- Few Southeast students face suspension, expulsion for sexual assaults, campus paper finds (4/25/17)6
- Perryville family organizing bone-marrow drive Friday for ailing 6-year-old boy (4/26/17)
- Woman battered after smashing boyfriend's meth pipe against wall, police say (4/25/17)1
- Temptations bassist dies after Cape Girardeau show (4/26/17)2
- Event includes the first public tour of 200-year-old Elmwood Manor (4/23/17)3
- BBB warns Jackson man's online business might not be legit (4/24/17)
- Pilot House goes smoke-free (4/23/17)10
- State Supreme Court rules against congressman's mother in dog-kennel defamation case (4/27/17)1
- Strattman to step down as principal at St. Mary (4/28/17)1
- Cape couple turns their home into cozy, comfortable music venue (4/24/17)
Spending on sports
The recent verbal tug of war over whether Southeast Missouri State University should exchange its Indian mascot for a Redhawk demonstrates how much students, alumni and fans care about the university's sports teams. How much the university should spend on its sports teams is a different issue, but it's one that could decide how the Redhawks are embraced.
Stories in last weekend's Southeast Missourian laid out the challenge athletic director Don Kaverman faces in trying to help Southeast's sports teams compete with other schools in the conference. Southeast ranks seventh among the nine schools in the Ohio Valley Conference in spending for men's sports, primarily because Southeast's funding for men's basketball and football is at the bottom of the league.
The school's football coach, Tim Billings, schedules two games each year with Division I-A schools because it means a good payday for Southeast. It also means two almost certain losses.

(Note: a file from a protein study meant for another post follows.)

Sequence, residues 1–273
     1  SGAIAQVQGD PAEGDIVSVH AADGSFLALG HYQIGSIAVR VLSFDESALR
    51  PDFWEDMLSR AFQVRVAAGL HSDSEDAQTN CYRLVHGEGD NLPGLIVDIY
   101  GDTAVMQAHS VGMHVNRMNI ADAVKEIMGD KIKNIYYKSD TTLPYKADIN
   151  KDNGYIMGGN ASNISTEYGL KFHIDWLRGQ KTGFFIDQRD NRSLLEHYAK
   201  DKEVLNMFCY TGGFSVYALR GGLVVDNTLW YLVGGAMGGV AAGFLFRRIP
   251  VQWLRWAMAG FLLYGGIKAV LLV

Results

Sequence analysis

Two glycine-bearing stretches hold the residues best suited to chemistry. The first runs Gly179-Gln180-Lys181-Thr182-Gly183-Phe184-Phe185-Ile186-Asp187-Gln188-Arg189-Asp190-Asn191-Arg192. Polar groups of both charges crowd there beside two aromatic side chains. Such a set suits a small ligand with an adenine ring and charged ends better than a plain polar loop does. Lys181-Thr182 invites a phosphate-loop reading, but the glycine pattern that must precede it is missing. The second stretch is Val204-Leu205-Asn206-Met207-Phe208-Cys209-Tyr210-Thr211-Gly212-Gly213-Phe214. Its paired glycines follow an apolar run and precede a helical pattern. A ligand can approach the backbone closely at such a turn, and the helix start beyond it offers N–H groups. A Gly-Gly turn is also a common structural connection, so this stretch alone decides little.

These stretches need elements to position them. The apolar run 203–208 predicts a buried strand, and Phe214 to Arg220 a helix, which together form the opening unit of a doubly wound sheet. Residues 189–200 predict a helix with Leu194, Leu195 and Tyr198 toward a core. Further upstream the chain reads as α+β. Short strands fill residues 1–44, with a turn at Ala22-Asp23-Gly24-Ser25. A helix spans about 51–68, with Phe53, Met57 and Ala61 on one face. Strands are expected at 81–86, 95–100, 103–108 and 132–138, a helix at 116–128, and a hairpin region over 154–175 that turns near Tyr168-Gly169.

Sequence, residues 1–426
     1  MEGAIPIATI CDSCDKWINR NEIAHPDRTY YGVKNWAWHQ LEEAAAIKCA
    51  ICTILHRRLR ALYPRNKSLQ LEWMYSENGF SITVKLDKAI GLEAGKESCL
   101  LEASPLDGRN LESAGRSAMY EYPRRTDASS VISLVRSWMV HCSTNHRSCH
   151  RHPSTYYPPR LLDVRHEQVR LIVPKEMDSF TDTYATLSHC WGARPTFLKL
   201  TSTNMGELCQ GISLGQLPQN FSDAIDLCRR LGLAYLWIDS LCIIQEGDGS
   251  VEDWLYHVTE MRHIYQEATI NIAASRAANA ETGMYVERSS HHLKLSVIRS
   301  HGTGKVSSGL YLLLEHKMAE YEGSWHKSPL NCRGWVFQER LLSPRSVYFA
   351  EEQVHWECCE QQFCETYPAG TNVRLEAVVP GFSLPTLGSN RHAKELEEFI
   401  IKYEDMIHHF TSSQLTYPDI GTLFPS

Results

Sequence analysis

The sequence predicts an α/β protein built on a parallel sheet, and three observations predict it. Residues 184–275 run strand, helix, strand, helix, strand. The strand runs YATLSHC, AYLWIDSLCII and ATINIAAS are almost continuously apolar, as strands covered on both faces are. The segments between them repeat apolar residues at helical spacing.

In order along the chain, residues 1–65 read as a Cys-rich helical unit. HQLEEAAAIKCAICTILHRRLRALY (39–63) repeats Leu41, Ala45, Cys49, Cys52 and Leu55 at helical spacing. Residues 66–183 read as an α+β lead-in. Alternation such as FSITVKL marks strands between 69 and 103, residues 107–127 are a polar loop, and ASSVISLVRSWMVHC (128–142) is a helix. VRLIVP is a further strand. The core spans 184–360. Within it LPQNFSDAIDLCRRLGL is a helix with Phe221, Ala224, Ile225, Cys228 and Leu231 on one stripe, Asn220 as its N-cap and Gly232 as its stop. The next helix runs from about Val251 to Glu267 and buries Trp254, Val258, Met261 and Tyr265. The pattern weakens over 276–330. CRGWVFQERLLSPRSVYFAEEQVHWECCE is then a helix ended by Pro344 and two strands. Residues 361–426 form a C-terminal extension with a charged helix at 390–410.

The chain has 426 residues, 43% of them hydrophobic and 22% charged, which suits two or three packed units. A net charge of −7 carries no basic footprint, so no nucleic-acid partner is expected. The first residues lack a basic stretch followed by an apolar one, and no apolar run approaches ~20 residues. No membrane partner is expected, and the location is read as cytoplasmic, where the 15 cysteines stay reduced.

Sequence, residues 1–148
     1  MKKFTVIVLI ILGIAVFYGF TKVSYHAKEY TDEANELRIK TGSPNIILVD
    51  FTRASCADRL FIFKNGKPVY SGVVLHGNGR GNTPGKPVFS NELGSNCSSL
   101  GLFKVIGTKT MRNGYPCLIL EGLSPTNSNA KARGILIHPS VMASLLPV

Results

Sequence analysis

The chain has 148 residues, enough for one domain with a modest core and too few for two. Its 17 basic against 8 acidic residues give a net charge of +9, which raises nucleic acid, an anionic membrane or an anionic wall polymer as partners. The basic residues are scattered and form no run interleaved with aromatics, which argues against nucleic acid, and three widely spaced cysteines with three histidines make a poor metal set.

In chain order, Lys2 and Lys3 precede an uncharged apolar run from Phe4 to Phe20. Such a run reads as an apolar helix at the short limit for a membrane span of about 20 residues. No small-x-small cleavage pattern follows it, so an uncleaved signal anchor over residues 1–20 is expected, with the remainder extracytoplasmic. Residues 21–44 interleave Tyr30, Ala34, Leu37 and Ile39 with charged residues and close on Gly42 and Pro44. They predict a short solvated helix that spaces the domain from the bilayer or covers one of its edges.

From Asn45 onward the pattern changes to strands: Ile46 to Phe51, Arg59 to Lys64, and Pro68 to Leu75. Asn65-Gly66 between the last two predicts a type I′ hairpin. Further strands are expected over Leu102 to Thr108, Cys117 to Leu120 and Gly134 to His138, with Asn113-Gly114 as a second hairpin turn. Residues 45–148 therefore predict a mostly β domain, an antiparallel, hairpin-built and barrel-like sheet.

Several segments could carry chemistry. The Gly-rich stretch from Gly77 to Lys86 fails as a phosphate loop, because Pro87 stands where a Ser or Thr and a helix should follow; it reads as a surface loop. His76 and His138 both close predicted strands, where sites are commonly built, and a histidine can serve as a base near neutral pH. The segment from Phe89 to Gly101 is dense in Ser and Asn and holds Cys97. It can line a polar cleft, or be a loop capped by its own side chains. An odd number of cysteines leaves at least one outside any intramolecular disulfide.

By their actions, other schools acknowledge that money is required to compete for the best personnel and players. Last month, Southern Illinois University at Carbondale gave its athletic director a $30,000 annual pay increase and bumped up its football coach's salary by more than $45,000. SIU, which is a Division I-A school, spends more than $2 million more a year on its sports programs than Division I-AA Southeast does.
Southeast cannot expect to compete with SIU. But supporters do want a team that can stay up with the rest of the OVC.
Unlike some schools that lavish money on the major sports of football and men's basketball, Southeast has tried to maintain as much equity as possible in funding its sports programs, Kaverman says.
Kaverman and booster club president Jim Limbaugh do not advocate taking money from low-profile sports and giving it to football and basketball. They hope to find new funding sources.
An increase in student activity fees is a natural source. The $288,979 that went to Southeast athletics from student activity fees in 2002-03 compared to the OVC average of $632,432. But Southeast president Ken Dobbins says how much overall funding the athletic department gets from the university is the only number that matters, and that figure of nearly $3.7 million ranked Southeast third in the OVC.
Just as they did with Indians and Redhawks, Southeast's fans will make up their own minds about whether the university's men's sports teams are being short-changed.